Tireless. Passionate. Visionary. A dreamer and an optimist.
These were just some of the words used to describe Prof. Sean Maw, the University of Saskatchewan (USask) College of Engineering’s 2019-2020 winner of the Provost’s College Award for Outstanding Teaching.
"From the moment Dr. Maw joined the Graham School of Professional Development (SoPD) in July 2014, he has invigorated our school with his visionary thinking, his almost boundless energy, his excitement for teaching and his sincere and deep commitment to students,” wrote Deb Rolfes, director of the SoPD and one of Maw's nominators.
Maw is the Jerry G. Huff Chair in Innovative Teaching and an associate professor in the SoPD. He currently teaches first-year general engineering courses in statics and mechanics, as well as upper-year design courses.
"He is very passionate about exploring new ways to help students learn and to understand their learning," wrote Ryan Banow, educational development specialist in the Gwenna Moss Centre for Teaching and Learning.
He points to Maw leading the development of TrussVR, virtual reality software that helps students better learn how trusses work. Maw also helped create the Virtual Reality Teaching and Cloud-based Learning (ViRTCL) lab in the Engineering Building.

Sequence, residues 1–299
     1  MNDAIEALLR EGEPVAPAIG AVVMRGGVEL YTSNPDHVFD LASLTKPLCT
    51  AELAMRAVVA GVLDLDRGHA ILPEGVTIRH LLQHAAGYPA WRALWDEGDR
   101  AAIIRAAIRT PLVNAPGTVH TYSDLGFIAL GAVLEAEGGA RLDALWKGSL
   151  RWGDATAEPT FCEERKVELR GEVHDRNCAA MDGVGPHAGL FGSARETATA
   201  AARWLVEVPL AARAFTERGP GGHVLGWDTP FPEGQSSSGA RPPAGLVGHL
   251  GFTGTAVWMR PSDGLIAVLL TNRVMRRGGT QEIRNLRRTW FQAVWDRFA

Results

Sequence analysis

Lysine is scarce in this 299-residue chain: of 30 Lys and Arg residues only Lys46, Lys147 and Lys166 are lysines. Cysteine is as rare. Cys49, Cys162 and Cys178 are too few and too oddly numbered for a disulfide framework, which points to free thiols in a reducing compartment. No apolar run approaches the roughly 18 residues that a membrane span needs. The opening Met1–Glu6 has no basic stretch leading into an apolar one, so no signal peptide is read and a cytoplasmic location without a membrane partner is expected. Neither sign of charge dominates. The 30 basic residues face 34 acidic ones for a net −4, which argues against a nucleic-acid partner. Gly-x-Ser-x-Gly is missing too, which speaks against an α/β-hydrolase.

Maw also leads the multi-disciplinary Innovative Teaching and Research in Engineering Education Group (inTREEg), which meets weekly to discuss issues around teaching and learning.
Nominators also highlighted that Maw is the driving force behind the College of Engineering's years-long initiative to redesign its first-year engineering program. Joel Frey, Maw's co-lead on the project, says that daring to reimagine the program highlights Maw's key trait.
"He has the courage to do what is best for students and put in the work necessary to see it done right."
Maw's involvement in the project has also spotlighted his commitment to better assessment, as he advocated for the adoption of competency-based assessment in the redesigned program, Frey said.
The goal "is for students to be assessed fairly based on their competence in certain skills and not in how they perform in relation to their peers," according to Banow.
While Maw's passion for teaching is noted by his nominators, they place as much focus on his commitment to his students.
"I am constantly astounded by his ability to set aside his busy-ness to devote his full attention to students, and he will work with them for as long as it takes for them to discover their own mastery of the material with which they are struggling. . . . Sean has sincere and deep regard for each student," wrote Rolfes.
Fourth-year engineering student Andrew te Linde, who took one of Maw's first-year engineering courses and has worked as his research assistant, said Maw seeks to make personal connections with his students.
"His ability to guide students in a humble and authentic manner sets him apart from other educators and helps his students reach their full potential," he said in his nomination document.
Maw says his teaching philosophy is based on three principles: rigor, fairness and good coaching.
Students "will hopefully enjoy the sensation or feeling of truly understanding something or applying knowledge to solve a problem," he writes in his statement of teaching philosophy. "And they will hopefully learn to be confident in not only their knowledge and skills, but also in their ability to acquire knowledge and skills on their own."